Friday

23rd Feb 2018

Eurozone clears path for Greek bailout extension

  • Eurozone finance ministers have approved the Greek reforms, but IMF chief Lagarde (l) is sceptical (Photo: Council of European Union)

Eurozone finance ministers on Tuesday (24 February) approved a list of reforms submitted by Athens and cleared the path for national parliaments to endorse a four-month extension of the Greek bailout, which otherwise would have run out on 28 February.

"We call on the Greek authorities to further develop and broaden the list of reform measures, based on the current arrangement, in close coordination with the institutions," the Eurogroup of finance ministers said in a press statement.

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National parliaments, notably Germany's Bundestag, will still have to approve the move this week.

The three international creditors - the European Central Bank, the European Commission and the International Monetary Fund - earlier that day gave an assessment of the reforms plan and said they were "sufficiently comprehensive to be a valid starting point" for the bailout loans to be extended and paid out.

But the IMF, while saying it can support the conclusion that the reforms plan is "sufficiently comprehensive", criticised the plan for lacking details particularly in key areas.

"We note in particular that there are neither clear commitments to design and implement the envisaged comprehensive pension and VAT policy reforms, nor unequivocal undertakings to continue already-agreed policies for opening up closed sectors, for administrative reforms, for privatisation, and for labour market reforms," IMF chief Christine Lagarde wrote in a letter to Eurogroup chief Jeroen Dijsselbloem.

On the other hand, Lagarde noted that the list being "not very specific" is "perhaps to be expected" given that the government of Alexis Tsipras is new in office.

She also praised the new Greek government's commitment to combatting tax evasion and corruption, adding that the IMF looks forward "to learn more about their plans".

Unlike the EU part of the Greek bailout, the IMF loans did have to be extended, as they only run out mid-2016.

But they still depend on a "successful review" of the reforms programme, as each bailout tranche has since 2010 when Greece first contracted international loans to avoid bankruptcy.

The Greek government is expected to flesh out its reform plans and finish negotiations with the "institutions" before the end of April, which will allow for the outstanding bailout tranche of €7.2bn to be paid out. Talks about a third bailout are also expected to be carried out during the four-month bailout extension, which will run out at the end of June.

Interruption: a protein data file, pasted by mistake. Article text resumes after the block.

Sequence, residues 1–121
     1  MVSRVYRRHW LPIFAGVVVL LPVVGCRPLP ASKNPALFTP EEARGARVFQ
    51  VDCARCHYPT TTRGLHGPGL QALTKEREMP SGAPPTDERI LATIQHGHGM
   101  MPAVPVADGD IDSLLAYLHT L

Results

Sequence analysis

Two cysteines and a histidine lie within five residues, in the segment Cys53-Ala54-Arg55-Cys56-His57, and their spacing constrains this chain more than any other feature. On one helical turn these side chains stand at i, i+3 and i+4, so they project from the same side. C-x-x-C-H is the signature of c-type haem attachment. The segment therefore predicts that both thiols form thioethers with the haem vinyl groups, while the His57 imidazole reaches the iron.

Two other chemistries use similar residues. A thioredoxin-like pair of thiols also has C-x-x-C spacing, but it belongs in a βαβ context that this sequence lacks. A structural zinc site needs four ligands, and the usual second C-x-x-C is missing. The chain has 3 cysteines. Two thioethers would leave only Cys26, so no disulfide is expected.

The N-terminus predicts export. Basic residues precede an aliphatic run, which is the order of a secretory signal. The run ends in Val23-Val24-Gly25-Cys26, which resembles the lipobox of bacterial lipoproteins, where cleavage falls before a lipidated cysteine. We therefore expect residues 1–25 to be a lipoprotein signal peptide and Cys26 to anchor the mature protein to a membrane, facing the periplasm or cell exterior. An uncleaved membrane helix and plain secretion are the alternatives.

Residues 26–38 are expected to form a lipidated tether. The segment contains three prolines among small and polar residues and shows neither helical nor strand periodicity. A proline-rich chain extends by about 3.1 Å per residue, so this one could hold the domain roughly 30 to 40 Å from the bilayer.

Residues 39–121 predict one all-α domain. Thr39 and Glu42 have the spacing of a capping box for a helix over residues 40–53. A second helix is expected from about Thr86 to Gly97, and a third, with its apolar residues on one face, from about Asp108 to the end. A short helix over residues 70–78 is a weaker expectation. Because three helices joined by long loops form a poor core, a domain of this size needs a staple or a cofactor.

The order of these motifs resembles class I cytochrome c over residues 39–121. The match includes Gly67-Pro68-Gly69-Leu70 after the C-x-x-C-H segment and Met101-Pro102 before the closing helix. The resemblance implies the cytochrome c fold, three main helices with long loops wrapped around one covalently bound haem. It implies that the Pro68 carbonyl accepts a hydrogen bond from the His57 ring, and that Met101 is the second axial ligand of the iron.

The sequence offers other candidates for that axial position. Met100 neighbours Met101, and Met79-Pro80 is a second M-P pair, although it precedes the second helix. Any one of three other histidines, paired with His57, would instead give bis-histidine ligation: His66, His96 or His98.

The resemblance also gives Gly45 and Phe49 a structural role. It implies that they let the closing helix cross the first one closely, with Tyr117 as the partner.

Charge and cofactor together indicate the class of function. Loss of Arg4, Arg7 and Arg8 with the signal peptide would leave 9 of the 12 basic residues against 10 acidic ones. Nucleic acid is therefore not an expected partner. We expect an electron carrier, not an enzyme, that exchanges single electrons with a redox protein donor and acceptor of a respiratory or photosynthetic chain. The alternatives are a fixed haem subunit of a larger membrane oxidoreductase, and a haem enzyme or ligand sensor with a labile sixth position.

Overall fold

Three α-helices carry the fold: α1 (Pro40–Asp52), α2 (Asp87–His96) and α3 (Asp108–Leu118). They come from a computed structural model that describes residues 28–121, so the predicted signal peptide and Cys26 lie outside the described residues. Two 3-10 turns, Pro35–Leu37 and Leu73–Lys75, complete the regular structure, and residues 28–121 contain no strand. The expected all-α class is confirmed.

The best-case scenario would be for Greece to be able to access markets on its own and only require a "precautionary loan", but Dijsselbloem expressed scepticism that this would happen.

Pressure will be high for the Tsipras government to agree on a third bailout before July, when his country needs to repay €3.5 billion to the ECB and its eurozone partners.

Eurozone chief backs Greek reforms, but says more needed

Eurozone chief Jeroen Dijsselbloem has backed the reforms plan submitted by the Greek government, but warned that measures such as a functioning tax collection system take time and the budget must not go "off-track" in the meantime.

Greece to get four extra months under current bailout

Greece has agreed to all the conditions laid out by Germany and is likely to get its bailout programme extended by another four months, provided international creditors give a green light on Monday.

Baltic states demand bigger EU budget

The leaders of Estonia, Latvia, and Lithuania say in a joint letter that they are open to talks on creating "new own resources" for a bigger EU budget after the UK leaves the EU.

Opinion

Greek government's steady steps to exit bailout programme

Growth predictions are positive, exports increasing, unemployment dropping and credit-ratings up, says the head of Greece's Syriza delegation to the European Parliament. Now the government in Athens is looking to design its own reform programme.

Analysis

We are not (yet) one people

Talks on the next EU budget will start on Friday. Brussels wants to do much more than before – and needs a lot more money. But arguing about funds won't be enough.

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